China has the third-largest dairy industry in the world.
That’s a very new development; dairy was highly localized and not very popular nationwide in China up until the Soviet influence of the 1950s. Since then, however, dairy has become a massive force in Chinese agriculture—despite most of the country’s population being lactose-intolerant. Enter oat milk. At least, that’s what oat milk producers like Sweden’s Oatly hope, according to a great article in the South China Morning Post.
Chinese milk producers have, since the 1950s, been aggressive lobbyists, with articles in state-run newspapers urging children to drink more milk, and with government subsidies aimed at increasing the scale and size of the industry. But while the Chinese dairy industry has swelled dramatically, it’s far from stable. A tainted milk scandal in 2008 killed six infants and sickened hundreds of thousands. Dairy in China, as in the US, is struggling to make ends meet with ever-increasing production and decreasing demand.
And the population of China, largely, is lactose-intolerant. Lactose intolerance isn’t the easiest thing to measure—it operates on a spectrum—but most estimates place the incidence of lactose intolerance in China at somewhere north of 80 percent. Caucasians tend to be much more able to digest dairy products; Russia, for example, has a lactose intolerance rate of about 13 percent. Milk is a nutrient-rich food, but there isn’t really anything in it that can’t be found elsewhere. Much of Chinese cuisine, for example, gets its calcium from seafood sources like fish sauce.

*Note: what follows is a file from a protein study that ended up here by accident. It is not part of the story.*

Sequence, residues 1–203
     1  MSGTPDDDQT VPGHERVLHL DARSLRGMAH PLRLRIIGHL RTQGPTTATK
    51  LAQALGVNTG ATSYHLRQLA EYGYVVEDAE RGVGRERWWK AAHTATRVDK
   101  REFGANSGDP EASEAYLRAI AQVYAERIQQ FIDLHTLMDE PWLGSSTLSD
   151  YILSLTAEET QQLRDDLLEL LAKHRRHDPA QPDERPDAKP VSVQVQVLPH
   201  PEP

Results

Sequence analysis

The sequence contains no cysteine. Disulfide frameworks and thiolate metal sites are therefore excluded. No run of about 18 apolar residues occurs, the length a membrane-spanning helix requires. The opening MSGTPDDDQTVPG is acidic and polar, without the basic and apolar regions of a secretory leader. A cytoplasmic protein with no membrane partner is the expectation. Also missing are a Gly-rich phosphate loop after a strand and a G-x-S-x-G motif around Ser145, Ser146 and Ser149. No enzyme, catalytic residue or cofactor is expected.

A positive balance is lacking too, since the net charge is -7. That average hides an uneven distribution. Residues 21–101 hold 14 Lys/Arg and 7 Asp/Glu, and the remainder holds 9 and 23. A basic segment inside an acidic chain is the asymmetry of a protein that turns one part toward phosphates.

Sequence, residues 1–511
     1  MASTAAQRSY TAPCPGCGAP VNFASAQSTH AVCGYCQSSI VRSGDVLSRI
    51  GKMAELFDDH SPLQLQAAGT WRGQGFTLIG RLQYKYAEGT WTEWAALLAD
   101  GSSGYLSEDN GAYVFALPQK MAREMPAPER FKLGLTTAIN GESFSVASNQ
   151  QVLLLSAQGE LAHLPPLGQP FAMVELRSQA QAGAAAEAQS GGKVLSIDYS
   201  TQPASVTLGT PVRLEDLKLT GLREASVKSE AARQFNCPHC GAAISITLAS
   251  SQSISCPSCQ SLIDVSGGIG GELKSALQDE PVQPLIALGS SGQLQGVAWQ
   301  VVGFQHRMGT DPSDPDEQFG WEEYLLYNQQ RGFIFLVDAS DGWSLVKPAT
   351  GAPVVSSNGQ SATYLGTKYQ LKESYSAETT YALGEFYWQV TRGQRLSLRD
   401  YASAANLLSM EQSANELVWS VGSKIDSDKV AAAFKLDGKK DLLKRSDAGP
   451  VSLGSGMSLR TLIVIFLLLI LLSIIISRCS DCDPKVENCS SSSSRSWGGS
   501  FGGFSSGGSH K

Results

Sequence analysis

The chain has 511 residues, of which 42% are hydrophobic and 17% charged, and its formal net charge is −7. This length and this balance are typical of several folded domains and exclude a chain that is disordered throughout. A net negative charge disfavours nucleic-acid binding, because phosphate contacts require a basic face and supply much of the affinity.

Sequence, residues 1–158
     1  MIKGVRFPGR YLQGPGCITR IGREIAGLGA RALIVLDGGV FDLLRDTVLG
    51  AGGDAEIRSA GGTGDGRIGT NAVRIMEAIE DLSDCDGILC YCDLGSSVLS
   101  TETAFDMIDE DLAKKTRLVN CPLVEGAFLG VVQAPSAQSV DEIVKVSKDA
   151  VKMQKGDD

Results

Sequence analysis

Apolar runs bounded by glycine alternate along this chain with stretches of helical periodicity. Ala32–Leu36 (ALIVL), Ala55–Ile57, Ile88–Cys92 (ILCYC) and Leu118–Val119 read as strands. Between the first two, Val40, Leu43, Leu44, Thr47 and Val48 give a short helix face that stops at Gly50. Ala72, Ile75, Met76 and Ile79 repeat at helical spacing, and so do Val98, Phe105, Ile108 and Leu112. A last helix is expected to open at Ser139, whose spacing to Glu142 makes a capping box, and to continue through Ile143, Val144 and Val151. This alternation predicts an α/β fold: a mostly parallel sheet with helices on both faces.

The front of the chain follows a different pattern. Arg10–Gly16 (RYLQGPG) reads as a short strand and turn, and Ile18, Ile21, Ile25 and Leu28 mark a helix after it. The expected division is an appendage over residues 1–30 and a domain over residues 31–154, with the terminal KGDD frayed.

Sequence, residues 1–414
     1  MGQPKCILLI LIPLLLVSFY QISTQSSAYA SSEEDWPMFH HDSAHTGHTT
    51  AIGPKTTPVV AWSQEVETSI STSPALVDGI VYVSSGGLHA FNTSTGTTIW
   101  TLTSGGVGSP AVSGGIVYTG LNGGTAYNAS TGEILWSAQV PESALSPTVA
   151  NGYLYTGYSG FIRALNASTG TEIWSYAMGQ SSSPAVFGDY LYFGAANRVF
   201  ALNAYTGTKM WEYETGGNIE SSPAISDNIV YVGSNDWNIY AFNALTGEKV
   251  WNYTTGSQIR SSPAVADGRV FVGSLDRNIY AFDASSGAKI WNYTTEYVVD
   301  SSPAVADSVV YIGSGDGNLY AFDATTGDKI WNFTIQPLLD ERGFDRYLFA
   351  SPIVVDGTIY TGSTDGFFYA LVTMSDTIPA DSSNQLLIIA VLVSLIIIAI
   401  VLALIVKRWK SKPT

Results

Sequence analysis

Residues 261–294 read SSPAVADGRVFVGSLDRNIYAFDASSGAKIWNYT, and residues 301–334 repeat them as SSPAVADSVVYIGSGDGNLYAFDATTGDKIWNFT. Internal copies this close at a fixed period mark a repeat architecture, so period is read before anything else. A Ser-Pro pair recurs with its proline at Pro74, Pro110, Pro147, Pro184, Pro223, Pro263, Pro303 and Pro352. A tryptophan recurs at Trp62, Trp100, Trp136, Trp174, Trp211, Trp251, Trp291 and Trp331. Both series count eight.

But the efforts to push dairy, and products containing dairy, in China have opened up a door for milk alternatives. Soy milk, of course, actually comes from China, but is not always considered a replacement for dairy milk. Cow’s milk, being essentially a foreign food, is usually used in Western dishes and beverages, like coffee. Soy milk, being a Chinese product, has its own uses, and is not usually used in Western foods.
That opens the door for non-Chinese plant-based milks. And the trendiest of all is oat milk: tasty, low-impact environmentally, and mixes well with coffee (unlike soy milk, which separates). It’s not really grown in China; the largest global producers are Russia, Canada, and Poland. But Oatly, the best-known oat milk producer, thinks China could be a perfect fit. To that end, the company has even created a Chinese character for their product, combining the characters for “plant” and “milk.”
Oat milk is already available in Hong Kong, especially in the ever-present Starbucks there. But ramping up production to match demand has been an early problem for Oatly and other oat milk producers. A new, massive facility in New Jersey should help the situation in the United States. What’s the New Jersey of China?